“From the national film institutes, there’s a consciousness of trying to make films work across Scandinavia and internationally, and some producers are thinking about that too,” says Charlotta Denward, the SFI’s director of production and development. “Peter Aalbaek of Zentropa in Denmark thinks we would do better to create one single Scandinavian film agency, but he’s ahead of his time.”
- “Easy Money 2”: Sequel to the hit 2010 crime thriller, given an edgy twist by hiring Iranian-born helmer Babak Najafi, whose “Sebbe” won the debut trophy at Berlin and best film at Sweden’s annual Guldbagge awards. (TrustNordisk)
- “Eat Sleep Die”: First-time director Gabriela Pichler is regarded as Sweden’s Andrea Arnold, using amateur actors to craft a doc-style drama with a unique personal voice about small-town factory workers threatened with redundancy. (the Yellow Affair)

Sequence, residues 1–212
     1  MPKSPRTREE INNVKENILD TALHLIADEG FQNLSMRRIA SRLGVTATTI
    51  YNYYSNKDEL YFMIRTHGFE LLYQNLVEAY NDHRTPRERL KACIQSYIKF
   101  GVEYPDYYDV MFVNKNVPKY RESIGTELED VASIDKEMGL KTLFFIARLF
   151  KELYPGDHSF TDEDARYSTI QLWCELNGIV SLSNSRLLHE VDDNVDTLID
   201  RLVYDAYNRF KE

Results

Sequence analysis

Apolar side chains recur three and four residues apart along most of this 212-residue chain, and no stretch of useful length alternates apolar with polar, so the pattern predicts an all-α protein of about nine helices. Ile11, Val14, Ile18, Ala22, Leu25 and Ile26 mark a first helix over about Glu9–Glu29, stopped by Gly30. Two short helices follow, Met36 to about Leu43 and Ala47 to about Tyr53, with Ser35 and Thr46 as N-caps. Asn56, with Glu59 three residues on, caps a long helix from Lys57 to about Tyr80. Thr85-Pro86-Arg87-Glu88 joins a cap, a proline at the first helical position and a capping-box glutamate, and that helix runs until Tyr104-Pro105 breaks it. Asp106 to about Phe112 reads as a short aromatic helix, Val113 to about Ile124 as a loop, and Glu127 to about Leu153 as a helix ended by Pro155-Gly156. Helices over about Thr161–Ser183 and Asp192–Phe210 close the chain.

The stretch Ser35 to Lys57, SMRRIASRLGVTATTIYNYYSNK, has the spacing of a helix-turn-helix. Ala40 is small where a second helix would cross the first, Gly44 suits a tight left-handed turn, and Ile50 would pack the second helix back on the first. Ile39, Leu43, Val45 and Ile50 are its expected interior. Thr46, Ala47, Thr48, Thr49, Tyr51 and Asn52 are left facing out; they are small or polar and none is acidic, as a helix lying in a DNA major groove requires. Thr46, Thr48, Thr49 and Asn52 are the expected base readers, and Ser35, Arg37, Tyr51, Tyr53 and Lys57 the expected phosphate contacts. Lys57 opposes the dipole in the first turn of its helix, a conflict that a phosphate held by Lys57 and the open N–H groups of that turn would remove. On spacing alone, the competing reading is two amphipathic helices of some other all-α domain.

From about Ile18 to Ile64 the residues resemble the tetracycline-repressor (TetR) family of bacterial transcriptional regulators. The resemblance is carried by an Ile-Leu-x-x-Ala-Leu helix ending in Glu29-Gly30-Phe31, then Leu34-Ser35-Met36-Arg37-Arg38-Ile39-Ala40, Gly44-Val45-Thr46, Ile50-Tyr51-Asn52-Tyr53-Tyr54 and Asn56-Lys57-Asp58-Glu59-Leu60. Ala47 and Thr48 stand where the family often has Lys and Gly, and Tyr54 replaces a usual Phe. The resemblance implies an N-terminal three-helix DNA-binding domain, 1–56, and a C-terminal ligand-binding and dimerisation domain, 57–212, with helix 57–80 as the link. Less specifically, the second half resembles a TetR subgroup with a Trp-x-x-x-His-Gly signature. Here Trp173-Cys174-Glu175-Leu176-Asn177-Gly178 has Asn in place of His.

- “Bekas”: Tipped as a Swedish “Slumdog Millionaire,” this debut by Kurdish-born Karzan Kader is about two homeless boys in northern Iraq who dream of escaping to America, which they are convinced is just over the border. (TrustNordisk)
- “Call Girl”: After several acclaimed TV dramas and stylish commercials, Mikael Marcimain makes his feature debut with this $5 million political drama set in the 1970s that probes the sleazy underbelly of Sweden’s social democratic dream. (TrustNordisk)
- “Agent Hamilton — But Not if It Concerns Your Daughter”: Second film in the revived franchise with Mikael Persbrandt as the Swedish secret agent, this time trying to rescue a friend’s kidnapped daughter from al-Qaeda (SF Intl.).
Swedes boosted by gloom boom | Prodigal filmmaker Hallstrom rediscovers Nordic roots | Robots so ‘Real’ the mind reels